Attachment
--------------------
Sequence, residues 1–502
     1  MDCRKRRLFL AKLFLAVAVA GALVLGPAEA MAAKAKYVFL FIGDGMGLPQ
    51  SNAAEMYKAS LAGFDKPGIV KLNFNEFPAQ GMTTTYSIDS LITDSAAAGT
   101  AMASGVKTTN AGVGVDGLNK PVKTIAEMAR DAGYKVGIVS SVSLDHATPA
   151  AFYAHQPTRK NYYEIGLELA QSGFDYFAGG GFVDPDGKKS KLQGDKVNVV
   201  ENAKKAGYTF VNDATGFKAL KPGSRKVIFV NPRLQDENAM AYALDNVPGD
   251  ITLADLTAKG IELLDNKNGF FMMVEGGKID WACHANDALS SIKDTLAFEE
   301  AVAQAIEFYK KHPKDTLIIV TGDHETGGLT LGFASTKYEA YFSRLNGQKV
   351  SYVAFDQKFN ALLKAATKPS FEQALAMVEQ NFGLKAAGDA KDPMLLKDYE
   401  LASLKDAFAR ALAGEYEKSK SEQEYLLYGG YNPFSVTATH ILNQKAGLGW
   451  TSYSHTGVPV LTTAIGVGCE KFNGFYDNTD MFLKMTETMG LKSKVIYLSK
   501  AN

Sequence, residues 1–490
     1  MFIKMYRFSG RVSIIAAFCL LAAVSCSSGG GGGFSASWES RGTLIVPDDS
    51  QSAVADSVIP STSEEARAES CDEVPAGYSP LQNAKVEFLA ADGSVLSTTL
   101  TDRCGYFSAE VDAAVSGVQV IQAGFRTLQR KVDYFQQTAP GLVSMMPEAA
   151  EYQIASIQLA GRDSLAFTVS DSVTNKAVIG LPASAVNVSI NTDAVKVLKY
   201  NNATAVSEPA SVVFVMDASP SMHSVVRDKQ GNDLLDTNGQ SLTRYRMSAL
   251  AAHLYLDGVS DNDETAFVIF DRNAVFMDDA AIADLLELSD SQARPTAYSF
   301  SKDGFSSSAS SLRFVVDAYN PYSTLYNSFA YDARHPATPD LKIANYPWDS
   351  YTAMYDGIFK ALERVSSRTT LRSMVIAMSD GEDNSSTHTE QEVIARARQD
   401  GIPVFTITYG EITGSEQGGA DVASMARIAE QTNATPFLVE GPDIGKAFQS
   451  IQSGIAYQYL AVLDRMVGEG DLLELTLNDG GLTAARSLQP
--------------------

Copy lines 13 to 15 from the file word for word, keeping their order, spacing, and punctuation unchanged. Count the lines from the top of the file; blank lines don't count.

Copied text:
Sequence, residues 1–490
     1  MFIKMYRFSG RVSIIAAFCL LAAVSCSSGG GGGFSASWES RGTLIVPDDS
    51  QSAVADSVIP STSEEARAES CDEVPAGYSP LQNAKVEFLA ADGSVLSTTL